“I believe the status of young people who come here through no fault of their own is an important matter to be considered and should be solved on a long-term basis so they know what their future would be in this country,” Romney said in New Hampshire in June 2012. He presciently noted that Obama’s policy “could be reversed by subsequent presidents.”
Utah’s immigration needs
More recently, Romney has spoken about the immigration issue through the lens of Utah, which is facing a shortage of hourly workers in trades like construction, as well as high-skilled workers in tech and computer science.
Last month during a forum at the Salt Lake City Chamber of Commerce, he said he favored more legal immigration to meet those labor needs in a state economy that has an unemployment rate of 3.1%.
“I like legal immigration. If we didn’t have any legal immigration, our population wouldn’t grow,” Romney said, highlighting the need for a larger labor force. “I’d like to bring people in who have the skills, experience, language capacity and so forth to contribute to the economy. And so I do favor a merit-oriented immigration policy.”
He added that he was “not a fan” of the DREAM Act when it was first proposed, but that Obama made a promise to the so-called Dreamers and they registered with the federal government relying on that promise.
“To somehow say, ‘Well, you registered and you relied on this, but now we’re going to change the rules,’ that would not be seen by the American people as playing fair with the expectations of those individuals.”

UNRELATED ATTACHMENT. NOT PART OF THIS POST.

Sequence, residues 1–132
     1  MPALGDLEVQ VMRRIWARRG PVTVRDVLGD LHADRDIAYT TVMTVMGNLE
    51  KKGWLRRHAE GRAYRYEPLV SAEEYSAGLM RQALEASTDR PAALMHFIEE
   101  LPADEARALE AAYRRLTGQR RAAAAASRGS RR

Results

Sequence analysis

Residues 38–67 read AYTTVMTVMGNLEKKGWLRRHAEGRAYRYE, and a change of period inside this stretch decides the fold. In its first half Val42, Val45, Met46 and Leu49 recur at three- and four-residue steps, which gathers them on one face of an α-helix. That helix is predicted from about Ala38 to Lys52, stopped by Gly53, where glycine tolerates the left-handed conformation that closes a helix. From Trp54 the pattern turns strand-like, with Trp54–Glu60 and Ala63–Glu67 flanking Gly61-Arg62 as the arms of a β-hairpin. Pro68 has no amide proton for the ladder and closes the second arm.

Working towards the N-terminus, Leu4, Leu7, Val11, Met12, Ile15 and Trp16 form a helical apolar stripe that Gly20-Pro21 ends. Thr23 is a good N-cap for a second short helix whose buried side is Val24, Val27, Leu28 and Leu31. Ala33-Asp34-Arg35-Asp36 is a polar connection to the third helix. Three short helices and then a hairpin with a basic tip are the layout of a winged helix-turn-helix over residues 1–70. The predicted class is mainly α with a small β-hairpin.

Romney added that he was not “looking to see vast deportments of people from the United States,” but would like to see an effective E-Verify system that penalizes employers who don’t follow the rules to crack down on illegal immigration. He said he also would like to explore the idea of allowing states to have more input on visas for temporary workers tailored to determine kind of workers enter the country.
“I’d like states to be able to go to the federal government and say ‘Here’s what we need,’” he said. “Immigration is part of how our economy works, but it’s out of control. And I think my Republican friends in Washington are trying to get their hands around it and deal with it so we can finally get this issue settled in a way that’s good for the immigrants, and good for our citizens, and good for our economy.”